PWR 1JU: Our House: Rhetoric of Community
Maybe you’re excited, or nervous, or unsure about your first year at Stanford. All of these (and more!) are common reactions to moving into an unfamiliar community. In this course we will work together to build a collaborative classroom community where you will feel comfortable practicing the thinking, reading, writing, and research skills that will help you succeed in your studies at Stanford and in life beyond. The theme of our course will be the concept of community and its importance in our personal and collective lives. Soccer players, Catholics, furries, death metal fans, Californians, gardeners, and socialists; all of us belong to numerous communities some of which overlap, some which never intersect, and some of which are in tension with one another. Some of the questions we’ll discuss are: What is community? Who belongs? How do our communities inform our thinking, guide our behavior, and define our identities? To help us explore this topic, we’ll read a small selection of anthropological and cultural texts, but I’ll also ask you to consider your own experiences: What communities have you left behind to join Stanford? Which social and/or academic communities are you excited to explore and possibly join? What communities do you want to change or create?
In this class, you’ll engage in an in-depth research and writing project spanning several weeks. I’ll encourage you to work on a topic that is interesting and/or important to you personally. For example, you might look into how gamers communicate with each other and propose inclusive language policies for a specific video game Twitch channel. Or, you might consider social life on campus and argue for the creation of a student club to give space to a neglected student demographic. Or, you might have ideas for how to update the UN charter to bring the organization into the 21st century.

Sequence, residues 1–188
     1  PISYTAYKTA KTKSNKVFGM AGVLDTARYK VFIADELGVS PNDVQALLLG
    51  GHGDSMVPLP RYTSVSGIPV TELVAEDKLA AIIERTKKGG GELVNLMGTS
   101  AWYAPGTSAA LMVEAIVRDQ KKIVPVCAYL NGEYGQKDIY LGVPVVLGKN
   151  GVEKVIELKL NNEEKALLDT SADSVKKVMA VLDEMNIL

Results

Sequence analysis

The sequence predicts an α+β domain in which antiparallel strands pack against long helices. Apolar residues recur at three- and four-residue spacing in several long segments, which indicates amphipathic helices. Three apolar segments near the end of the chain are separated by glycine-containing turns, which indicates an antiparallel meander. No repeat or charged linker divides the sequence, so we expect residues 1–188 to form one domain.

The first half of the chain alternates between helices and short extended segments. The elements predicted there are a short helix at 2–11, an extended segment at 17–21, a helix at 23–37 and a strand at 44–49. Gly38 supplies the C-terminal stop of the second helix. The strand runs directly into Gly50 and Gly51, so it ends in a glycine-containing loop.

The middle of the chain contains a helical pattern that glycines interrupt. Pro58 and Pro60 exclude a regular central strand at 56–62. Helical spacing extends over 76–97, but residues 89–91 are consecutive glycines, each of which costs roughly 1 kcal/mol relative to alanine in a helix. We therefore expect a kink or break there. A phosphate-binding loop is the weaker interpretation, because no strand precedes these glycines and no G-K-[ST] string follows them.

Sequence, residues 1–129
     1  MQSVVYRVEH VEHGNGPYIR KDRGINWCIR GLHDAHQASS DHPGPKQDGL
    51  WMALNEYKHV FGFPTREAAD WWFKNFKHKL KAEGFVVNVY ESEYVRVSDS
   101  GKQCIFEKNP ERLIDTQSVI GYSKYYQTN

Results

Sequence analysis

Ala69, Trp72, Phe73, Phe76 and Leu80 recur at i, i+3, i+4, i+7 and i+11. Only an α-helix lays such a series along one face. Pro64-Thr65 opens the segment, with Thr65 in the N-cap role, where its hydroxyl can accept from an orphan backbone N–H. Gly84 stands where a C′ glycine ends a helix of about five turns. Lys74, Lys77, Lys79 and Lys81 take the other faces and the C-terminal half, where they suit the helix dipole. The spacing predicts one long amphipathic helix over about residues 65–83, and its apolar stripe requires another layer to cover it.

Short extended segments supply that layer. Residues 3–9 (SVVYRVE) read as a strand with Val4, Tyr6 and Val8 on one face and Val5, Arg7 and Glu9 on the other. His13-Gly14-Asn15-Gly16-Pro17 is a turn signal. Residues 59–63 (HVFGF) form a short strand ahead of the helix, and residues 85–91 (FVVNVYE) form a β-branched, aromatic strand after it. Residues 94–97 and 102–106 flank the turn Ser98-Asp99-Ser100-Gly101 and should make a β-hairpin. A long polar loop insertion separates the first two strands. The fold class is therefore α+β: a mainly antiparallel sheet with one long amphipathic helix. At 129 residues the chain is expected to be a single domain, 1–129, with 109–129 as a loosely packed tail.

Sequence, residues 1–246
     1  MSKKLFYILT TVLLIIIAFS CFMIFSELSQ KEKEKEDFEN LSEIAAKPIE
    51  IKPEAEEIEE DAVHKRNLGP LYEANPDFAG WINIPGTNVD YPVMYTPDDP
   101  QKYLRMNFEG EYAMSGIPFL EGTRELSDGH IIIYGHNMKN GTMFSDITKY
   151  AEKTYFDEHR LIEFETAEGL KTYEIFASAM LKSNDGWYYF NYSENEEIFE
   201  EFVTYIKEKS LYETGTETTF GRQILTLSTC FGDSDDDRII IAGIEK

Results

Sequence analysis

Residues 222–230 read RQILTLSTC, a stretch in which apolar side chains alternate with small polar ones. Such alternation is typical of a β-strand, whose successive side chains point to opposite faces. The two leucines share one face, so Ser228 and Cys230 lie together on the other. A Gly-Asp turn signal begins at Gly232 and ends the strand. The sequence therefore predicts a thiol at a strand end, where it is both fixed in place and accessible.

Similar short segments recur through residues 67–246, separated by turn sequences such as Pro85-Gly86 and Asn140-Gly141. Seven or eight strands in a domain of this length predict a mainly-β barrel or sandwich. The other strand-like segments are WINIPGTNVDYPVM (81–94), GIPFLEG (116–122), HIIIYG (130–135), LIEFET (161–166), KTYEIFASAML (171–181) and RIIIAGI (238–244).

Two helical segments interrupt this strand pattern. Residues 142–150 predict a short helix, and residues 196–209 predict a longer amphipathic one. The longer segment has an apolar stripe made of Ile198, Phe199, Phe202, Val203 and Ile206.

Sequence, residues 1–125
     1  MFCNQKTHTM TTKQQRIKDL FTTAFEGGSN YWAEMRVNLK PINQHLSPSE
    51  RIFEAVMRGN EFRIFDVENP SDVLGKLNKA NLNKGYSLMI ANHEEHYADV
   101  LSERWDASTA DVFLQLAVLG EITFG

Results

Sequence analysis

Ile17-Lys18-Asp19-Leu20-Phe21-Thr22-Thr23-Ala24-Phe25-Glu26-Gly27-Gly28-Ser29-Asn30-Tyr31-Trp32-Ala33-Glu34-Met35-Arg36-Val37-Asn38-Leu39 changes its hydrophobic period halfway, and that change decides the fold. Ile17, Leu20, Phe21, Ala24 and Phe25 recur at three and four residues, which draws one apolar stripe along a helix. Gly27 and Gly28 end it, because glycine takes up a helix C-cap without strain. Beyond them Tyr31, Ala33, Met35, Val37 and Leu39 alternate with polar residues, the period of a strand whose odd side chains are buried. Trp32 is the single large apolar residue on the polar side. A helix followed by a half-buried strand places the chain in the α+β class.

As you work on your projects, the main focus in our class meetings will be on HOW to do this work effectively. During the research phase we’ll explore the riches of Stanford’s library resources and we’ll try out active reading strategies to help process academic texts. During the writing phase we’ll break larger assignments into more manageable drafts and we’ll spend time learning how to give and receive effective feedback. In the end, you’ll have concrete strategies and skills to be a more confident and effective communicator about issues that are important to you.
(1500-1800 words; 5-6 pages) We’ll start by reviewing rhetorical concepts and in your essay you’ll introduce a text of your choice (an article, an image, a speech, an ad, etc.) and analyze and evaluate how the author’s rhetorical strategies express, build on, or challenge the concept of community.
Texts in Conversation
(1800-2400 words; 6-8 pages) This assignment marks the beginning of your research project. Here, you will identify and research a social issue relevant to your interests and connected to our course theme of community. You’ll analyze how different sources, voices, and perspectives inform the larger conversation about your topic.
(3600-4500 words; 12-15 pages) Your RBA is the final product of this course where your voice enters into the conversation. Here is where you’ll build on and expand the work you began with the Texts in Conversation assignment by integrating a variety of sources to produce your own complex, provocative argument as it relates to your topic.